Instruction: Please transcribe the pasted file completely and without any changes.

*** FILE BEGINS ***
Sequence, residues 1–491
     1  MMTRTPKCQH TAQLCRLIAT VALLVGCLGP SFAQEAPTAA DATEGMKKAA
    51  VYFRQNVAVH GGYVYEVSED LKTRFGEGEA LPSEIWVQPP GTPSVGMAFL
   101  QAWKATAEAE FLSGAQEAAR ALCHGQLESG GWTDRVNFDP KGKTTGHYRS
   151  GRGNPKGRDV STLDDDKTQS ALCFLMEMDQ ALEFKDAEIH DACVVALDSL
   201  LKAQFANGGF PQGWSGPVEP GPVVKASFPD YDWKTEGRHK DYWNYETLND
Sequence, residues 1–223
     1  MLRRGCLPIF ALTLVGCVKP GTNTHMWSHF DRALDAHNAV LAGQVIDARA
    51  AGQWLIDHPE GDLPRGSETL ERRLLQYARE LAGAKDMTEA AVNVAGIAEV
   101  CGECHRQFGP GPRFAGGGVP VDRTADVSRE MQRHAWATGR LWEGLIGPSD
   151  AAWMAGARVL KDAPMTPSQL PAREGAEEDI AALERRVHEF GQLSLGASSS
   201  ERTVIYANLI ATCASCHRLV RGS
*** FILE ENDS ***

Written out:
Sequence, residues 1–491
     1  MMTRTPKCQH TAQLCRLIAT VALLVGCLGP SFAQEAPTAA DATEGMKKAA
    51  VYFRQNVAVH GGYVYEVSED LKTRFGEGEA LPSEIWVQPP GTPSVGMAFL
   101  QAWKATAEAE FLSGAQEAAR ALCHGQLESG GWTDRVNFDP KGKTTGHYRS
   151  GRGNPKGRDV STLDDDKTQS ALCFLMEMDQ ALEFKDAEIH DACVVALDSL
   201  LKAQFANGGF PQGWSGPVEP GPVVKASFPD YDWKTEGRHK DYWNYETLND
Sequence, residues 1–223
     1  MLRRGCLPIF ALTLVGCVKP GTNTHMWSHF DRALDAHNAV LAGQVIDARA
    51  AGQWLIDHPE GDLPRGSETL ERRLLQYARE LAGAKDMTEA AVNVAGIAEV
   101  CGECHRQFGP GPRFAGGGVP VDRTADVSRE MQRHAWATGR LWEGLIGPSD
   151  AAWMAGARVL KDAPMTPSQL PAREGAEEDI AALERRVHEF GQLSLGASSS
   201  ERTVIYANLI ATCASCHRLV RGS